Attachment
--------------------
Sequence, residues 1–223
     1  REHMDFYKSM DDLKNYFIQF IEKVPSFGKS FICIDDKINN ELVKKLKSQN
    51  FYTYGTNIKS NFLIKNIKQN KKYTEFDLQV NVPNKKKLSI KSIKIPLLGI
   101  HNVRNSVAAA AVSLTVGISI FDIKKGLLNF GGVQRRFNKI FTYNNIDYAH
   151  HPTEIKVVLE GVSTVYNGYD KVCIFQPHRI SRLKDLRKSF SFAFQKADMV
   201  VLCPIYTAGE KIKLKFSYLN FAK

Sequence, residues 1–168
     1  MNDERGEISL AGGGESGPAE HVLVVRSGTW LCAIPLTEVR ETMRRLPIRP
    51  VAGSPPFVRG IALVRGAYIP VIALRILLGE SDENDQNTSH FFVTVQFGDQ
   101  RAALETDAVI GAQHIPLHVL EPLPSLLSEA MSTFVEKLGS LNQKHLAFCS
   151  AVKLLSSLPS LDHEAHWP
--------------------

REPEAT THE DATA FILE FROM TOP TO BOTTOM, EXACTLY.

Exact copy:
Sequence, residues 1–223
     1  REHMDFYKSM DDLKNYFIQF IEKVPSFGKS FICIDDKINN ELVKKLKSQN
    51  FYTYGTNIKS NFLIKNIKQN KKYTEFDLQV NVPNKKKLSI KSIKIPLLGI
   101  HNVRNSVAAA AVSLTVGISI FDIKKGLLNF GGVQRRFNKI FTYNNIDYAH
   151  HPTEIKVVLE GVSTVYNGYD KVCIFQPHRI SRLKDLRKSF SFAFQKADMV
   201  VLCPIYTAGE KIKLKFSYLN FAK

Sequence, residues 1–168
     1  MNDERGEISL AGGGESGPAE HVLVVRSGTW LCAIPLTEVR ETMRRLPIRP
    51  VAGSPPFVRG IALVRGAYIP VIALRILLGE SDENDQNTSH FFVTVQFGDQ
   101  RAALETDAVI GAQHIPLHVL EPLPSLLSEA MSTFVEKLGS LNQKHLAFCS
   151  AVKLLSSLPS LDHEAHWP